Jalalabad, Afghanistan: At least 11 women were killed on Wednesday in a stampede in an Afghan football stadium where thousands had gathered to apply for visas at a nearby Pakistan consulate, officials said.
Many people were trampled at the stadium in the city of Jalalabad, the capital of eastern Nangarhar province, with 10 women and three men injured, provincial governor's spokesman Attaullah Khogyani told reporters.
Provincial hospital spokesman Zaher Adel also confirmed the death toll.
Nangarhar provincial council member Naser Kamawal gave a higher toll of 15 dead and 15 injured.
"Unfortunately this morning tens of thousands of people had come to the football stadium which led to the tragic incident," Khogyani said.
The Pakistan consulate had resumed issuing visas last week after a seven-month pause because of the coronavirus outbreak.
To avoid large crowds from gathering at the visa centre the applicants had been directed to a nearby football stadium in Jalalabad, Khogyani said.
"There were already thousands of people gathered at the gates of the stadium and women were given the priority to stand in the front," said witness Abdul Ahad, who had come to the stadium to secure a Pakistani visa.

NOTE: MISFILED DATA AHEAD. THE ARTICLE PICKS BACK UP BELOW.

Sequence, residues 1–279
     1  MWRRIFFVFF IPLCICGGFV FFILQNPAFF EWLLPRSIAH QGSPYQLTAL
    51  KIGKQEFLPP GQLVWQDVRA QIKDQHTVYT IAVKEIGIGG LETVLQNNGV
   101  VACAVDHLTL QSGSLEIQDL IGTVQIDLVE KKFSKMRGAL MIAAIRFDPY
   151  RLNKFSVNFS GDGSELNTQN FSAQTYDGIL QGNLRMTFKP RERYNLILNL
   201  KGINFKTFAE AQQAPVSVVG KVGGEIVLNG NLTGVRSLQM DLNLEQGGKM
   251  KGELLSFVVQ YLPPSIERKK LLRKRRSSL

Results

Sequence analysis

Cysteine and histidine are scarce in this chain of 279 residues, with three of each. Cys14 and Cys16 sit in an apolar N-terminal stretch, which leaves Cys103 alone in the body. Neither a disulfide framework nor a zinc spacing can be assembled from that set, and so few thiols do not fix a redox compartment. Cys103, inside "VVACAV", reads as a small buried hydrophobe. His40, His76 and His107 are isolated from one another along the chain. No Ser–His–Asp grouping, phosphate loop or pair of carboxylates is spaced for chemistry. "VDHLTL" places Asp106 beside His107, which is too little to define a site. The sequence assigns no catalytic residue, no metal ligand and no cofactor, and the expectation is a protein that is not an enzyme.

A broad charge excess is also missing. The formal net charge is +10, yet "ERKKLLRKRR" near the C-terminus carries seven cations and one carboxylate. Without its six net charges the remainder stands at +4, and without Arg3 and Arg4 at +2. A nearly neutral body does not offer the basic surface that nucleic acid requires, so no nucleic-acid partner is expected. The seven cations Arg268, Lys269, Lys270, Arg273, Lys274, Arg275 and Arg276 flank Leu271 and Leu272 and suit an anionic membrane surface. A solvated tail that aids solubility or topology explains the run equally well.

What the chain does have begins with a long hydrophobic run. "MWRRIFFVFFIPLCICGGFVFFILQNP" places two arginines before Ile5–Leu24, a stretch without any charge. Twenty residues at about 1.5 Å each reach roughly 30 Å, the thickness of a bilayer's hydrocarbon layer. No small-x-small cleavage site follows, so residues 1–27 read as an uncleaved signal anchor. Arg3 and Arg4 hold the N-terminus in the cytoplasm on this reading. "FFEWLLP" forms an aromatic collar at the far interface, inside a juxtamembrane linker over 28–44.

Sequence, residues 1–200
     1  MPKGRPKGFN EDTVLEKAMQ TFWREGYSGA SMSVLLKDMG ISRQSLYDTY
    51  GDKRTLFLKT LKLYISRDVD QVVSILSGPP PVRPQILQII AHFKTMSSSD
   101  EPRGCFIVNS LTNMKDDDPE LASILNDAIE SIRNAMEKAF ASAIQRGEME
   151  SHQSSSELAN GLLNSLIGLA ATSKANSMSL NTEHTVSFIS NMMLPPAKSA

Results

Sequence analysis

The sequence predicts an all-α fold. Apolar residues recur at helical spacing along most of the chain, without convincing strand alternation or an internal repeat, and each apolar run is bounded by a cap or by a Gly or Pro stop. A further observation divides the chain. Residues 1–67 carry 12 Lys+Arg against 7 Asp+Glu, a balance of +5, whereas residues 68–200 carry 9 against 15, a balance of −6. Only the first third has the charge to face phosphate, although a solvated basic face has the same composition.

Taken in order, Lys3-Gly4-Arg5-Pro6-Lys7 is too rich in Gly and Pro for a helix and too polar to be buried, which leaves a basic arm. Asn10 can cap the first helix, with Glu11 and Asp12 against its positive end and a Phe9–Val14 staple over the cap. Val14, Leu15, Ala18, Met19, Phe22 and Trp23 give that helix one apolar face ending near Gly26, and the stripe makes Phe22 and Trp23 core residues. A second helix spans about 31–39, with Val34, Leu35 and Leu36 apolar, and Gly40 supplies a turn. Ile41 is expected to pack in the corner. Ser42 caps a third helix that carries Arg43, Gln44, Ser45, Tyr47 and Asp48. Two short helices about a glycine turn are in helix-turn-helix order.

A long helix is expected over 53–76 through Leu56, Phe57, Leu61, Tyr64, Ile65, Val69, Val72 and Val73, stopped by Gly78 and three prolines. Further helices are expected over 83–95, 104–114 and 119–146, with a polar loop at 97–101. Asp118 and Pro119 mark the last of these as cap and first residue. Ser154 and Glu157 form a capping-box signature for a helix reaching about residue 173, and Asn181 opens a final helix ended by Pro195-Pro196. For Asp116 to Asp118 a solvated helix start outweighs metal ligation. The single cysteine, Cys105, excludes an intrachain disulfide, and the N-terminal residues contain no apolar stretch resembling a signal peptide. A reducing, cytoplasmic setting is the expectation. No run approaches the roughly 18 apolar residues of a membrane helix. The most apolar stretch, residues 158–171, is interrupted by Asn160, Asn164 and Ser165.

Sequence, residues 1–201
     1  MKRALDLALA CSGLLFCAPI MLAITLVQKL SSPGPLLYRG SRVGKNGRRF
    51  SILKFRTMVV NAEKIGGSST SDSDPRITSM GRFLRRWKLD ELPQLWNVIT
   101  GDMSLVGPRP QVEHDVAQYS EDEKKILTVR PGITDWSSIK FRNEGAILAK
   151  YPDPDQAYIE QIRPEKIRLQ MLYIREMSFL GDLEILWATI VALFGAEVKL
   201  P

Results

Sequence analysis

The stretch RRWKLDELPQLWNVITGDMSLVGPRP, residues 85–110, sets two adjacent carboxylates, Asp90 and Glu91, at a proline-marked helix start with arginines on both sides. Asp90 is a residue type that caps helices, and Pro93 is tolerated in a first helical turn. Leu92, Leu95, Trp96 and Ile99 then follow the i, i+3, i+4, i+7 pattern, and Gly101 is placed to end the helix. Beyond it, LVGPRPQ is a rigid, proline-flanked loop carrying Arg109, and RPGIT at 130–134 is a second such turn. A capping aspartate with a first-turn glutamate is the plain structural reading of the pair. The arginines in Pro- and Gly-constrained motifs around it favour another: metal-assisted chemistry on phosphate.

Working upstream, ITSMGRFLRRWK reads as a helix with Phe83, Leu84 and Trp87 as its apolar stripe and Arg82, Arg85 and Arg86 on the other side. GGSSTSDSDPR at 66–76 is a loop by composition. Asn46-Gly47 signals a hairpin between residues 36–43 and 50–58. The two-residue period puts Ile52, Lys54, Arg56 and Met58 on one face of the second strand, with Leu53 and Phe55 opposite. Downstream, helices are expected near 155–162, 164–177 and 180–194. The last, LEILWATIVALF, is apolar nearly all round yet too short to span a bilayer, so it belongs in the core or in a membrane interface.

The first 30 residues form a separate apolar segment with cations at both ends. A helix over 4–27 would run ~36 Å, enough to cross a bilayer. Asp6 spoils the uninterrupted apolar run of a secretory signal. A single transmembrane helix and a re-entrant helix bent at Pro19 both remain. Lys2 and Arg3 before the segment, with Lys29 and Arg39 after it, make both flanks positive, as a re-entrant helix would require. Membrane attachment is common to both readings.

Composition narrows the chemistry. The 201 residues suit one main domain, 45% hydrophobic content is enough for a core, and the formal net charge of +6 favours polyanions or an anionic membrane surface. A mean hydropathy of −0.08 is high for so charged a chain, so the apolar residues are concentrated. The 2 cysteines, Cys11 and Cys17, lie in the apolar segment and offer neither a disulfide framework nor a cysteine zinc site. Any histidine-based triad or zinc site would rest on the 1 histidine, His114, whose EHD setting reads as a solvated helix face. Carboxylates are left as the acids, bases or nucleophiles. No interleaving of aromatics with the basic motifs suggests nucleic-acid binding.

"When the officials announced that the gates were opening in the morning, everybody rushed to enter the stadium to be the first to deliver their passports," Ahad told AFP.
"The women, most of them elderly and who were in the front fell and could not get up. It was chaotic."
Officials said hundreds of policemen had been deployed at the stadium to control the crowd.
In ultra-conservative Afghanistan it is customary for women to queue separately from men.
Thousands of Afghans from Nangarhar and other nearby provinces had arrived since the early morning to apply for medical visas or to visit relatives.
Hours after the incident, relatives were seen carrying the dead in coffins from a mortuary in Jalalabad.
Many Afghans travel to neighbouring Pakistan every year, while millions have taken refuge there over the past few decades to escape war and poverty in conflict-wracked Afghanistan.